A long stretch of Southern California beaches was closed after 8.5 million gallons of raw sewage was discharged into a channel that empties into Los Angeles Harbor.
“As a safety precaution due to spilled sewage reaching the ocean, the LA County Department of Public Health issued a closure of beaches from Long Beach [north] to Rancho Palos Verdes,” the Los Angeles County Sanitation Districts (LACSD) stated on Friday.
The 70th New Year’s Day Polar Bear “Swim & Dip” at Cabrillo Beach had to be canceled due to the spill:
The LACSD said managers would be working with health officials this week “to monitor water quality to determine when beaches are safe to reopen and assess environmental impacts.”
The massive spill was first detected Thursday in the city of Carson after a 48-inch sewer line collapsed and the entire system became overwhelmed by heavy rains. Crews weren’t able to stop the sewage overflow until Saturday when they installed five bypass systems, per the LACSD.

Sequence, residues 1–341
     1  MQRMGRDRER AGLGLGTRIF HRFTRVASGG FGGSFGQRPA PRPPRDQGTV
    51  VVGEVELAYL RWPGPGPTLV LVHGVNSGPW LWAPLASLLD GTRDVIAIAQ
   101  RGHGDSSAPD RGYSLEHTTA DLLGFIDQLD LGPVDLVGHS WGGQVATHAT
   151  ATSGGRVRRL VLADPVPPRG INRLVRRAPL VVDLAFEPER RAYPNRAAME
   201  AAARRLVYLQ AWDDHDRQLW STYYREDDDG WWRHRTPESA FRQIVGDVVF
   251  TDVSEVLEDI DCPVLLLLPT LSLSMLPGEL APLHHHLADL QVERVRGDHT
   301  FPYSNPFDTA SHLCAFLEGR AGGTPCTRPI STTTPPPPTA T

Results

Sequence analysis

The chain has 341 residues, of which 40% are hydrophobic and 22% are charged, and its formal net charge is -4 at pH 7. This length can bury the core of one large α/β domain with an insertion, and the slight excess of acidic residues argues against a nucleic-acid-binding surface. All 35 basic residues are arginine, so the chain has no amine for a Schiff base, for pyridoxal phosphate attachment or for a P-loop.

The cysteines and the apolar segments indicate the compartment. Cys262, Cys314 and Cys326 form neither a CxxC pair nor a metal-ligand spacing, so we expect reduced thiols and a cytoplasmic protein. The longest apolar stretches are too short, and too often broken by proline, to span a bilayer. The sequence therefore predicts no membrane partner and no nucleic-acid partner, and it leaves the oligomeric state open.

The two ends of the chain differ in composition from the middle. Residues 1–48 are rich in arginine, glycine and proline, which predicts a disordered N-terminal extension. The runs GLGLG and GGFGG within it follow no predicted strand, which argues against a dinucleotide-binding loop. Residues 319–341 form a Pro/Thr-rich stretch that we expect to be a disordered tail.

Los Angeles County Supervisor Janice Hahn called for investigation into the incident.
“A spill of this magnitude is dangerous and unacceptable, and we need to understand what happened,” Hahn said in a statement. “The recent storm undoubtedly contributed, but we need infrastructure that doesn’t fail when it rains.”
Hahn also questioned if aging or poorly maintained infrastructure was even to blame.
Last July, Los Angeles beaches were closed when some 17 million gallons of sewage was discharged into Santa Monica Bay due to problems at a Los Angeles wastewater treatment plant.